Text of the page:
This article describes how I migrated a big website, with over 10000 articles written in Cyrillic and using special characters, from Joomla 1.x to Joomla 3.x.
One of the hidden gems which appeared with the 1.6 version of Joomla is the Redirect Manager - a simple system which allows you to identify and fix broken links. Before the Redirect Manager was introduced, the only way to find and fix broken URLs was to use a third party extension, an SEO scraper such as Screaming Frog, or looking in your server logs. Now it's possible to identify and manage broken links within the administrator panel of your Joomla website.
There's a few objectives that pretty much all websites have in common and one way or another they all depend on SEO. Joomla! can be your friend, with out of the box SEO and functionality enabling you to attract your target market, convert visitors and rank higher. We've set ourselves a 10 minute time limit... so let's get cracking.
Joomla is very flexible and has many possibilities. A disadvantage is that working with Joomla can seem complex because of all of the setting and navigation choices. For a Joomla specialist this is usually not an issue, but for many end users it can be a stumbling block. Adding new articles via the Joomla frontend is often one of the first things end users face. This should be a simple operation, but many experience this as very complex.
With the latest updates in Joomla 3, many improvements have been introduced regarding Microdata (sometimes also called Rich Snippets or Structured Data). Some recent articles in the Community Magazine already explained the technical backgrounds of the implementation and the workflow for developers. However, many still struggle to understand where they can see this and how they can benefit from the SEO advantages that microdata give on a practical level.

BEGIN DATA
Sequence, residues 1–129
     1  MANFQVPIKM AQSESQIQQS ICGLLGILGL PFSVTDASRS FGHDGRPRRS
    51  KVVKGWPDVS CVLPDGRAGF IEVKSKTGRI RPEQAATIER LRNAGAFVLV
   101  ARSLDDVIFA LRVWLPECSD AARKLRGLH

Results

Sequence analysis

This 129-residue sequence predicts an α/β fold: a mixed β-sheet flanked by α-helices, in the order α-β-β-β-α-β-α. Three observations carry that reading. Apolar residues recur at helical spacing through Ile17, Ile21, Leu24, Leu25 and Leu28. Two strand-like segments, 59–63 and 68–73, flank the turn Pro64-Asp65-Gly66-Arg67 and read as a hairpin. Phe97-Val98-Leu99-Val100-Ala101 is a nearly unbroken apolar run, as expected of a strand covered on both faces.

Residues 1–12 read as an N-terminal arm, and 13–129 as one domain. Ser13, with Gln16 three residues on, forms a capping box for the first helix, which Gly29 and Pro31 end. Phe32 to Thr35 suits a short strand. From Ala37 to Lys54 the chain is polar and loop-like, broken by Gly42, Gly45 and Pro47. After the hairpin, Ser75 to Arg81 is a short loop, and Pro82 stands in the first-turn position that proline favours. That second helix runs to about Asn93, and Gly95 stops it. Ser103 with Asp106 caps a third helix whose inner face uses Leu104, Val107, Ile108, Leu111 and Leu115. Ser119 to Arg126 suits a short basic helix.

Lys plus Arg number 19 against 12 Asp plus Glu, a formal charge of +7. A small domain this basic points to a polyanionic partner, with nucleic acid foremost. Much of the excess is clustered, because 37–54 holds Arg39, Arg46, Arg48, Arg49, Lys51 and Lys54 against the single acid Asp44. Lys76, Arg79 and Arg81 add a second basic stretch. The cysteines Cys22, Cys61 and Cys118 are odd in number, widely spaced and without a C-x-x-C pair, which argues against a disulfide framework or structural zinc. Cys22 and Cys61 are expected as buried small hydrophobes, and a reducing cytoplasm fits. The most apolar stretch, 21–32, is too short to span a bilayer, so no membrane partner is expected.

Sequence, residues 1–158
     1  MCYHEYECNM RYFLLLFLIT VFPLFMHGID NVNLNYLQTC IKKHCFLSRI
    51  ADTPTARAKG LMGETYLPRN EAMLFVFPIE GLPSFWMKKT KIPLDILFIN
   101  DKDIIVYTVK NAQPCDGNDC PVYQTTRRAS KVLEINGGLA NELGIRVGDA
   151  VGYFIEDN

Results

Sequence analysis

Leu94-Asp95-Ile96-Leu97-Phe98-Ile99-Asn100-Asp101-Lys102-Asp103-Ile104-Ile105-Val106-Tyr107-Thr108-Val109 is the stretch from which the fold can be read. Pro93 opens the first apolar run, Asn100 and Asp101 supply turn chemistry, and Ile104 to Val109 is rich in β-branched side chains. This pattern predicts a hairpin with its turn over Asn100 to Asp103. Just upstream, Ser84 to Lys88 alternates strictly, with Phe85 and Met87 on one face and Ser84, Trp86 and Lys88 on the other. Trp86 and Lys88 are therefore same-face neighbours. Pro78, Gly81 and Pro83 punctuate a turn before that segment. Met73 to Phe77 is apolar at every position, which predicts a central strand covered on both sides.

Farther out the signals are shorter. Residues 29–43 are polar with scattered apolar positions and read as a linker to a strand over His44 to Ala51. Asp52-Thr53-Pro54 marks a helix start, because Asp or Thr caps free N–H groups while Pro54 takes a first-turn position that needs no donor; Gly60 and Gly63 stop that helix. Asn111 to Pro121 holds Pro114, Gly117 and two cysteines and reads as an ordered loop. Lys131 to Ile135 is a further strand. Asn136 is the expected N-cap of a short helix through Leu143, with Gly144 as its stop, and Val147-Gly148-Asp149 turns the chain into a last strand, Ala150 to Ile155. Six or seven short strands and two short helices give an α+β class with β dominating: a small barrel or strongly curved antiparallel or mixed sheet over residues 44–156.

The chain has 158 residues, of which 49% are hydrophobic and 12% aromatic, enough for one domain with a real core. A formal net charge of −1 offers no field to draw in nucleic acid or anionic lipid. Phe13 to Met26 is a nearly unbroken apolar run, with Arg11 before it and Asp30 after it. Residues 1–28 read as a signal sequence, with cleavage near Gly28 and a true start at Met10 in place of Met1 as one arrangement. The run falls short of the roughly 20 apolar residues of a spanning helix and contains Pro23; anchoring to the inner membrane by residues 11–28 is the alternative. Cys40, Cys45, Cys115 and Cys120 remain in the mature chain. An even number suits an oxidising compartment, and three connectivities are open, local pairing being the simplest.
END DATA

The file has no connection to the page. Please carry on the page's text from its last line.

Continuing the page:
“If you value a Joomla extension, you will also value and appreciate the work that goes into making that extension.” A few weeks ago in a Joomla user group, a user shared a link to a website encouraging the purchase of various Joomla extension licences, sharing them with those who had paid for this pirated 'membership'.
Installing Joomla in learning environments - In this article, I describe the benefits of Joomla learning environments, list the software packages you'll need to build your own, and provide step-by-step instructions on installing the software on local computers and USB thumb drives.
After evaluating several CCK’s, it appeared that SobiPro met all my requirements for building a portfolio website. The single unknown for me was the degree of difficulty in learning the EXtensible Stylesheet Language (XSLT) technology. For those not familiar, XSLT is a “template” technology that parses an XML document and generates HTML. I liked the idea of being able to manipulate the data model along with the view. I did not like the idea of learning a new technology.
So, if you followed my tips in Part 1 of this series, you’ve hopefully carefully planned out your migration strategy, identified all the links you need to migrate, created your redirects, and at some point, you’re ready to push the button and migrate your site. Before you do this, and for a period of time after the new site launches, you’ll need to make sure you monitor your website traffic in case you missed anything, or ended up with problems such as redirect loops or drops in conversion rate. This article will focus on how you can ensure you are monitoring your website appropriately using Joomla and other tools so that you quickly pick up on developing problems in the few weeks and months following a migration.